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Jini

As we mentioned in previous chapter, Jini technology may eventually become a core part of the underlying communication environment for our HPJava project (see section 5.5.4). In this section we will give a more general overview of Jini technology. Jini technology [7,24], built by Sun Microsystems, is a programming model that makes it easier for programmers to get their devices talking to each other. It is a lightweight layer of Java code that rests on top of the Java 2 platform. Jini provides a mechanism to enable smooth adding, removal, and finding of devices and services on the network without device vendors having to agree on network level protocols to allow their devices to interact. A service can be anything that sits on the network and is ready to perform a useful function. Hardware devices, software, and communications channels can all offer up their services to a dynamic network in a standard fashion without a central controlling authority. Jini's architecture takes advantage of one of the fundamental features of object-oriented programming--the separation of interface and implementation. Jini depends on Java's RMI to provide the underlying distributed communications framework. The runtime infrastructure uses one network-level protocol, called discovery, and two object-level protocols, called join and lookup. Discovery enables clients and services to locate lookup services. Join enables a service to register itself in a lookup service. Lookup enables a client to query a lookup service for services that can help the client accomplish its goals. In addition the Jini programming model includes three important API collections: Distributed events, distributed leasing, and distributed transactions. The distributed event programming model offers a set of interfaces to allow services to notify each other of changes in their state. The distributed leasing model provides a set of interfaces that encourage distributed objects to obtain leases for use of particular distributed resources. The service is responsible for renewing that lease before expires. If the lease is not renewed, access to the distributed resource expires, and resources are freed. The purpose of this feature is that it cleans up resources no longer in use by potentially failed distributed objects. For example, the lookup service automatically unregisters a failed service object. Finally, a distributed transactions programming model is to provide services for coordinating distributed operations, and guarantee that either all must occur atomically or that none occur at all.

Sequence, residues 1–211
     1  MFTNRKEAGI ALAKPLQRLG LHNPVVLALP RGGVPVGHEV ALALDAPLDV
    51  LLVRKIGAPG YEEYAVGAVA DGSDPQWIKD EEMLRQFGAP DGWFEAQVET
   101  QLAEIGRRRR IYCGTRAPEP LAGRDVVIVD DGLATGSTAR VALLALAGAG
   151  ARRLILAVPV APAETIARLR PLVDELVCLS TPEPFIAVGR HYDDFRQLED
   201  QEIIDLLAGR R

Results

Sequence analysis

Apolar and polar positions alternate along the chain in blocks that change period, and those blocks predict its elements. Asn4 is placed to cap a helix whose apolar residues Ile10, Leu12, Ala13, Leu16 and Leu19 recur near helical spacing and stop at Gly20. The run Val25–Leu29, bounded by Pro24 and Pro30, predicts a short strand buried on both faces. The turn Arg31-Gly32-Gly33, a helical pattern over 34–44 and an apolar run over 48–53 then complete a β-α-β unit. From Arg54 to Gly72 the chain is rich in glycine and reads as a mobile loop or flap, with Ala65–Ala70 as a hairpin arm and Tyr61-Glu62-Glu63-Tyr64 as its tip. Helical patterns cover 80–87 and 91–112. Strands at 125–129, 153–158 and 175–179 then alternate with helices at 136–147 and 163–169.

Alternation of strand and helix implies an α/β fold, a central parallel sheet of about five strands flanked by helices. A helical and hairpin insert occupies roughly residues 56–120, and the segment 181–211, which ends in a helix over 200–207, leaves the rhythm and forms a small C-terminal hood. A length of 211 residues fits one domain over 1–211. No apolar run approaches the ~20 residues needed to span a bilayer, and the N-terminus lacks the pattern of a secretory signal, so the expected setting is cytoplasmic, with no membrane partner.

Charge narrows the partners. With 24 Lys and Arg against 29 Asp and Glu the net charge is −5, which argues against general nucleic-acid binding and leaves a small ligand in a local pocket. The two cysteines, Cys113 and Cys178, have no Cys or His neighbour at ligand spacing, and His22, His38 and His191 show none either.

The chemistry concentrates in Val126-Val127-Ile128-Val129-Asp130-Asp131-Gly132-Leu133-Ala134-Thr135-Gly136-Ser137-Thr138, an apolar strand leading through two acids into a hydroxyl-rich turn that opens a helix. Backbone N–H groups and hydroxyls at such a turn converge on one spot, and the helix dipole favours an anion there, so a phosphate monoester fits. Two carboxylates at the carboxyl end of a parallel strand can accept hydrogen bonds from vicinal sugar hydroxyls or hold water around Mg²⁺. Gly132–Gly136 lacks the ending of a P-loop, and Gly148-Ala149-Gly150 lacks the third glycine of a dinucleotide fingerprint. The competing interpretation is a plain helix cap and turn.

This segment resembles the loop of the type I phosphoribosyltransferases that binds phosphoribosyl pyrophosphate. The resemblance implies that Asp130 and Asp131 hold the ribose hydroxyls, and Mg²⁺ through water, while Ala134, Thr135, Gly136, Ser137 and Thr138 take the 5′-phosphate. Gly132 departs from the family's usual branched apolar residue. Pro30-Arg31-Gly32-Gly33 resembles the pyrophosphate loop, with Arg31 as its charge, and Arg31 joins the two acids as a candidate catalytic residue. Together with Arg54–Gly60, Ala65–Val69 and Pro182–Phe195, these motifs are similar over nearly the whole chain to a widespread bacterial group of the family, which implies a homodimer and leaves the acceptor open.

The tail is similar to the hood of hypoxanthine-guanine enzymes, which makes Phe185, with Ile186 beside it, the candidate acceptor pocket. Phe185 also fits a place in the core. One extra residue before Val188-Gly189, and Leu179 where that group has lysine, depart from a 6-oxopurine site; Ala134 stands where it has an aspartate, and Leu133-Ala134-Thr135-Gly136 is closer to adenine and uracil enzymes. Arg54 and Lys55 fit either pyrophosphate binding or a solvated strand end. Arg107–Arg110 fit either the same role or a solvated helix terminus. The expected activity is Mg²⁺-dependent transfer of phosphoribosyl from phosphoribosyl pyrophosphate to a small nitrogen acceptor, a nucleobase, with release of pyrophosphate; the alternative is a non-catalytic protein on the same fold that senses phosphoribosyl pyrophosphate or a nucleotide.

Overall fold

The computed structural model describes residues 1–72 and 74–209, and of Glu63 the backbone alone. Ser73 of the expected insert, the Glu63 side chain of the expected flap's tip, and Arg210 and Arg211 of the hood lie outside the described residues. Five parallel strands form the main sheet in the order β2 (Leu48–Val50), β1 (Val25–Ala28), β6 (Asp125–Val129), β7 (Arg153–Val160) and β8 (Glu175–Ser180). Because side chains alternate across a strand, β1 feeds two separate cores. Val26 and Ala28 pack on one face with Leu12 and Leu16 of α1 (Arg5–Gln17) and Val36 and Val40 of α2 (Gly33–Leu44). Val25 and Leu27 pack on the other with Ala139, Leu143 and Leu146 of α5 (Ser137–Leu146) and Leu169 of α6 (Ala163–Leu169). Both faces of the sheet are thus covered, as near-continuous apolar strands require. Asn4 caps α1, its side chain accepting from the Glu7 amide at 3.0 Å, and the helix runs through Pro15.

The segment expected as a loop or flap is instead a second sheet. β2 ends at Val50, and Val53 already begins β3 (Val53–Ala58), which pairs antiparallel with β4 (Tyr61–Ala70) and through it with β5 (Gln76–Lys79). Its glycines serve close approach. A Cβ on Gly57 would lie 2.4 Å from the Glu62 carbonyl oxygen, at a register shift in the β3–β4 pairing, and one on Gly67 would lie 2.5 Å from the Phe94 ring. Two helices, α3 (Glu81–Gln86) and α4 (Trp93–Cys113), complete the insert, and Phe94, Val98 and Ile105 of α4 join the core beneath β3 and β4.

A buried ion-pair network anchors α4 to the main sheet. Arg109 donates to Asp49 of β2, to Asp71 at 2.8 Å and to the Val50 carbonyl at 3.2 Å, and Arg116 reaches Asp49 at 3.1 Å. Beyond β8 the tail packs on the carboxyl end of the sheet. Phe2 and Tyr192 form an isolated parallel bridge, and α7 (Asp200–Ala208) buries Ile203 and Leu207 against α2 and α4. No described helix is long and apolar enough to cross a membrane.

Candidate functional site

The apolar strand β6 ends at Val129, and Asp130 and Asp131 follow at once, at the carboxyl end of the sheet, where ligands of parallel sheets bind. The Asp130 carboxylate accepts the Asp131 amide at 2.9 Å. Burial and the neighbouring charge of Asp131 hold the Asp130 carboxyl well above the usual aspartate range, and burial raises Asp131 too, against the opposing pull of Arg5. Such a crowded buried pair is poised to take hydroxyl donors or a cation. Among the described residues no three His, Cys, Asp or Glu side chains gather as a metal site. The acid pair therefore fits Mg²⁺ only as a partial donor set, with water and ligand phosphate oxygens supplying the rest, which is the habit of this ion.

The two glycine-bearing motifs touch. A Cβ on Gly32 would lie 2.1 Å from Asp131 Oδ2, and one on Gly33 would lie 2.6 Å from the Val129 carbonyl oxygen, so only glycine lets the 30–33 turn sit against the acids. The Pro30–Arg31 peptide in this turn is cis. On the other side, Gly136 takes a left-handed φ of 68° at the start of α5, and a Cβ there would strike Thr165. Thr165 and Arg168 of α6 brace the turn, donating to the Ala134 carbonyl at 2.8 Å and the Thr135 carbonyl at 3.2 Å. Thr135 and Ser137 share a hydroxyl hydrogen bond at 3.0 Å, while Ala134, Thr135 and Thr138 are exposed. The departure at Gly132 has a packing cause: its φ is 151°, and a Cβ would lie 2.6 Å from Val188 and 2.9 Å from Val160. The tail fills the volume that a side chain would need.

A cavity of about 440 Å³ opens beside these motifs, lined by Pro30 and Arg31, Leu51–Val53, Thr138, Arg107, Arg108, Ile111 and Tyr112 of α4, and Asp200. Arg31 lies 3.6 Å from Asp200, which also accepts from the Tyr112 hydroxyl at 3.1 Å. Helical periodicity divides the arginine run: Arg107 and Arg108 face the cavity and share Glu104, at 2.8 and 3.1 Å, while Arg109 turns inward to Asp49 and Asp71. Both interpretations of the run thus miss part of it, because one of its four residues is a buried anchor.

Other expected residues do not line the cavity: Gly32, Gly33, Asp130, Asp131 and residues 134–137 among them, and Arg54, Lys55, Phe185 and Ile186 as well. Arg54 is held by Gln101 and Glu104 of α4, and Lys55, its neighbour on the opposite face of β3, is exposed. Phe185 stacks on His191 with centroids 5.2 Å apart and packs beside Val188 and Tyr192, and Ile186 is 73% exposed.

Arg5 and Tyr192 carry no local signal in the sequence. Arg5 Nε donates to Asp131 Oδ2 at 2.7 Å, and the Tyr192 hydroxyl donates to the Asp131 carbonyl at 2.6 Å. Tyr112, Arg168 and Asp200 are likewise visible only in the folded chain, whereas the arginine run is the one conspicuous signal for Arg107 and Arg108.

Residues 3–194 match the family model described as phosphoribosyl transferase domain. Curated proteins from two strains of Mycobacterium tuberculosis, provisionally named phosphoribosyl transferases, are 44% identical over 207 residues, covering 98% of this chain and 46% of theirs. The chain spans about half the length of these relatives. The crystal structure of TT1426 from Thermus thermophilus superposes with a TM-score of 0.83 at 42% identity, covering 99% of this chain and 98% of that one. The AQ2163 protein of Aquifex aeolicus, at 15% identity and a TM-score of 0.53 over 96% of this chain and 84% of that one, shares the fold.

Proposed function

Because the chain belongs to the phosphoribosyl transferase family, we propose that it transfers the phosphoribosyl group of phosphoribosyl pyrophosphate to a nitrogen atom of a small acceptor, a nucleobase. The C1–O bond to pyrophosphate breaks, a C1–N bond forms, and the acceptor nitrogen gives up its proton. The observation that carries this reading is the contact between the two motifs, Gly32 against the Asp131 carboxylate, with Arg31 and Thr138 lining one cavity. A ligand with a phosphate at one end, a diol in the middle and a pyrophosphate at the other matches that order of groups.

next up previous contents
Next: Peer to Peer Computing Up: Parallel and Distributed Computing Previous: JavaParty   Contents
Bryan Carpenter 2004-06-09